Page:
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Terror Attack in Nigeria Kills At Least 65 People in Latest Example of 'Sharp Increase' in Extremism Tied to AFRICOM

"Attempting to eradicate terrorism by force may be exacerbating the problem, provoking a terrorist backlash and serving as a recruiting tool for extremist groups."

Smoldering ashes are seen on the ground in Badu near Maiduguri on July 28, 2019, after the latest attack this weekend by Boko Haram fighters on a funeral in northeast Nigeria has left 65 people dead. (Photo: AUDU MARTE/AFP/Getty Images)

Smoldering ashes are seen on the ground in Badu near Maiduguri on July 28, 2019, after the latest attack this weekend by Boko Haram fighters on a funeral in northeast Nigeria has left 65 people dead. (Photo: AUDU MARTE/AFP/Getty Images)

At least 65 people were killed over the weekend in Nigeria by the suspected terrorist group Boko Haram, the deadliest attack in the region this year and a continuance of soaring violence that a new analysis says correlates to the rise of an expanded U.S. footprint in Africa.

According to Muhammad Bulama, council chairman of the Nganzai local government area, 11 other people were wounded during the attack. Bulama, according to The Associated Press, presumed the attack to be a "reprisal after villagers and civilian self-defense forces fought off a Boko Haram ambush in the area two weeks ago, killing 11 extremists."

A recent report from the Africa Center for Strategic Studies, a Pentagon research institution, suggest these extremist groups are only growing and far from defeated.

According to the Africa Center’s analysis, "violent events" across the continent have soared by 960 percent, from 288 in 2009 to 3,050 in 2018—a record level of activity. The analysis also discovered a significant rise in militant groups in Africa, finding there are now roughly 24 "active militant Islamist groups" operating on the continent, up from just five in 2010.

In The Intercept, Nick Turse was quick to highlight the correlation between the increased rise in terrorism outlined by the African Center Pentagon study and the implementation of the United States Africa Command (AFRICOM), which began operations in Africa in 2008. According to its mission statement, AFRICOM "disrupts and neutralizes transnational threats" in order to "promote regional security, stability and prosperity." Yet, the report found that that mission is not being fulfilled—in fact, the rate of incidents is rising.

"Overall, militant Islamist group activity in Africa has doubled since 2012," reads the report.

Last week marked the 10-year anniversary of the beginning of the Boko Haram militant insurgency, which is responsible for killing around 27,000 people and displacing more than two million others, creating one of the worst humanitarian crisis in the world. According to AP, "The extremists are known for mass abductions of schoolgirls and putting young women and men into suicide vests for attacks on markets, mosques and other high-traffic areas."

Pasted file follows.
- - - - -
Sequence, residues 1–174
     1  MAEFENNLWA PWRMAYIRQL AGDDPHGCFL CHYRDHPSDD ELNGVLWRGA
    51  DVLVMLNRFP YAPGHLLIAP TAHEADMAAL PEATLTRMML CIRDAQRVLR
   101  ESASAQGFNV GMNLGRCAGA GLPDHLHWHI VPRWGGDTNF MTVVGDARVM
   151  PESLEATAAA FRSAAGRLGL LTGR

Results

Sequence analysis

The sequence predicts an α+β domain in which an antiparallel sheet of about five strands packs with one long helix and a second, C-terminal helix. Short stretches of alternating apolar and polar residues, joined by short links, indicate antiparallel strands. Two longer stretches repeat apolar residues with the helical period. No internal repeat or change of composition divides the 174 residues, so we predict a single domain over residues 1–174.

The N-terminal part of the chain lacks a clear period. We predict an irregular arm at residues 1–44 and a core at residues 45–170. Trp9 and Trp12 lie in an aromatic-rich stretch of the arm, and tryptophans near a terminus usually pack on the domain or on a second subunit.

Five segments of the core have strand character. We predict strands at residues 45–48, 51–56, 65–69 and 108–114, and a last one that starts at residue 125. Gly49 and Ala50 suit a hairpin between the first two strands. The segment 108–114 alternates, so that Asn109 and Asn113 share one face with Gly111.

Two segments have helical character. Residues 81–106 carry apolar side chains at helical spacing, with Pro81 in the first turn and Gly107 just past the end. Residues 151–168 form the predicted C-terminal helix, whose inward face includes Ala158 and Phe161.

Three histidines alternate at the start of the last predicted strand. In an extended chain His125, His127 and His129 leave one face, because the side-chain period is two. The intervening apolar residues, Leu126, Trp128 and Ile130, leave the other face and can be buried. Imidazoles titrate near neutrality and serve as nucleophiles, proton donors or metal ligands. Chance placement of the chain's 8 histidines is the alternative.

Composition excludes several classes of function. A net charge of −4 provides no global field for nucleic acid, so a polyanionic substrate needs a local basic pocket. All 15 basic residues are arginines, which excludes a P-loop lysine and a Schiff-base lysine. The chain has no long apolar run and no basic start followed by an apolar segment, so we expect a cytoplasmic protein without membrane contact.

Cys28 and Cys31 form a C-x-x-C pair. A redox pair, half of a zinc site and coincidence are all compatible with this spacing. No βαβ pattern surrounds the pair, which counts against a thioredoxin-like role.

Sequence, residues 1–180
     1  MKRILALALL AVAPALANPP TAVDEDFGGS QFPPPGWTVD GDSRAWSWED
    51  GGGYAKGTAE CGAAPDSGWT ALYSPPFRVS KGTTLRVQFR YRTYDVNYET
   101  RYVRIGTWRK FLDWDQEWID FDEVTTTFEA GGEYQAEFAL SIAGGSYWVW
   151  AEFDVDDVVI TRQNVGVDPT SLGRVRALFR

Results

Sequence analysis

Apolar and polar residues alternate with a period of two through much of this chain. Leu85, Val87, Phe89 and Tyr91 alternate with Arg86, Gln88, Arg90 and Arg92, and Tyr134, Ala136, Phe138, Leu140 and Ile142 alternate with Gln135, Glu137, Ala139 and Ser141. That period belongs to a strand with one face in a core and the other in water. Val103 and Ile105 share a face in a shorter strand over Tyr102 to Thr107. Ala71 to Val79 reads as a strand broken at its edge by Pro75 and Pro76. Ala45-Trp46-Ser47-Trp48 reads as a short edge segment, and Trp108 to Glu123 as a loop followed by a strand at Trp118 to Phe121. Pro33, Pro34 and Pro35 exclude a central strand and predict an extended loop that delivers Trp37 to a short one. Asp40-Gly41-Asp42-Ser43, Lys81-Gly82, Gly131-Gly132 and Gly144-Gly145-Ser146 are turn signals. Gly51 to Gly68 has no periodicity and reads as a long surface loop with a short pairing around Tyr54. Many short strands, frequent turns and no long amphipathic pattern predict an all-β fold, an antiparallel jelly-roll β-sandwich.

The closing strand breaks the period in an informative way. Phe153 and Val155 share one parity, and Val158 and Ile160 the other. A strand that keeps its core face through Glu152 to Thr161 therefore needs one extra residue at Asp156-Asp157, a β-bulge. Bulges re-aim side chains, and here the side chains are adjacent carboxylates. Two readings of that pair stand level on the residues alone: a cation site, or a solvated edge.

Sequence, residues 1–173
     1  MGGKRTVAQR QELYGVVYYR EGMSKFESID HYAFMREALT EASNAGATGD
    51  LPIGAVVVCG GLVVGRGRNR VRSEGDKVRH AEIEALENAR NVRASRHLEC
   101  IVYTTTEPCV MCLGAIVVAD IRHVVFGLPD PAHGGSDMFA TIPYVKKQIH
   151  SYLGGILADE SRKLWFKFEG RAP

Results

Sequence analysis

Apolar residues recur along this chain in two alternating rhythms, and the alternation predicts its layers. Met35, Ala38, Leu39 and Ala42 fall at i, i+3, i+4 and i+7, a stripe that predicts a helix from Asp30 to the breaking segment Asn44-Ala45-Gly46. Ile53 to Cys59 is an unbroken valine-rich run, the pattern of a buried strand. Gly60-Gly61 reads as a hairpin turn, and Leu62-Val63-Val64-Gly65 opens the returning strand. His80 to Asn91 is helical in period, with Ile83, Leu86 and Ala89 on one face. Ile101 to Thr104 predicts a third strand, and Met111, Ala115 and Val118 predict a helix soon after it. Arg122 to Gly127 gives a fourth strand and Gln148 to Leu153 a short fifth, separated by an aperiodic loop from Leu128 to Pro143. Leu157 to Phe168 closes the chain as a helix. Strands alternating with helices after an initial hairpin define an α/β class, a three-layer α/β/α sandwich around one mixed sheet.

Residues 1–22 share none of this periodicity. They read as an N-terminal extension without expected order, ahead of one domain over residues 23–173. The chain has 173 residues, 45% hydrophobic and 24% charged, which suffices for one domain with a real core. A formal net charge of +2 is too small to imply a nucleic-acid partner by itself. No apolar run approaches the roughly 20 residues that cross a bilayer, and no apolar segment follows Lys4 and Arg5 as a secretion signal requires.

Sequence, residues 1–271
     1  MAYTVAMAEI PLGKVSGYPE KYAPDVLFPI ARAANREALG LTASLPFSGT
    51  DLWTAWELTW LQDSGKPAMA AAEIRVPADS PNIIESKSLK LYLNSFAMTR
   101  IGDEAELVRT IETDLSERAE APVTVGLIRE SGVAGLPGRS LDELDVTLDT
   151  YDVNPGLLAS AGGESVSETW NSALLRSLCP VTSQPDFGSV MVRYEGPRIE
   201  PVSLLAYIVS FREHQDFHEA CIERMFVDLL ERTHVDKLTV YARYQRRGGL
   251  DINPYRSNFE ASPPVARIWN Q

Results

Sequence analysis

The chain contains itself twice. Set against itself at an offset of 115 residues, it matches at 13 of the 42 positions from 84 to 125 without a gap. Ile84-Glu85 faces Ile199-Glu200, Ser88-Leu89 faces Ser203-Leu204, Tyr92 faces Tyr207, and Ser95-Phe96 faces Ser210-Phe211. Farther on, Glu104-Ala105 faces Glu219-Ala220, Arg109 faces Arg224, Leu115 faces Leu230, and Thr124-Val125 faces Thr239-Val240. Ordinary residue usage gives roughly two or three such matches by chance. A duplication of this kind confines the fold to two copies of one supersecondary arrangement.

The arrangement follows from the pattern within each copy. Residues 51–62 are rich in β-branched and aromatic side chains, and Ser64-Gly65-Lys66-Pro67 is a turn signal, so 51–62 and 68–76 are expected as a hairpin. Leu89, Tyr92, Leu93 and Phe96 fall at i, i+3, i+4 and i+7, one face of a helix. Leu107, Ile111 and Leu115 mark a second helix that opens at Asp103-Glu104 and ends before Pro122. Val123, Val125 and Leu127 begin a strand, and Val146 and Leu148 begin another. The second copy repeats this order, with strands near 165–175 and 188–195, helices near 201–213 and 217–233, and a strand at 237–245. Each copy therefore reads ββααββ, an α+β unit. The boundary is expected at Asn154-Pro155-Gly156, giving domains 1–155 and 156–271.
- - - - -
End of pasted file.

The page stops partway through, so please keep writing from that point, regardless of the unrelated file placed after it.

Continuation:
As reported in The New York Times, "Nigeria’s government says Boko Haram and I.S.W.A. have been largely defeated and driven out of territory they once held, but they continue to attack both civilian and military targets."

According to Turse:

The U.S. military has recently conducted 36 named operations and activities in Africa, more than any other region of the world, including the Greater Middle East. Troops scattered across Africa regularly advise, train, and partner with local forces; gather intelligence; conduct surveillance; and carry out airstrikes and ground raids focused on "countering violent extremists on the African continent"....Despite these and several other long-running U.S. military efforts in the region, militant groups in the Sahel have grown more active and their attacks more frequent, according to the Africa Center.

"The sharp increase in terrorist incidents in Africa underscores the fact that the Pentagon’s overly militarized approach to the problem has been a dismal failure," said William Hartung, the director of the arms and security project at the Center for International Policy.

"If anything," added Hartung, "attempting to eradicate terrorism by force may be exacerbating the problem, provoking a terrorist backlash and serving as a recruiting tool for extremist groups."

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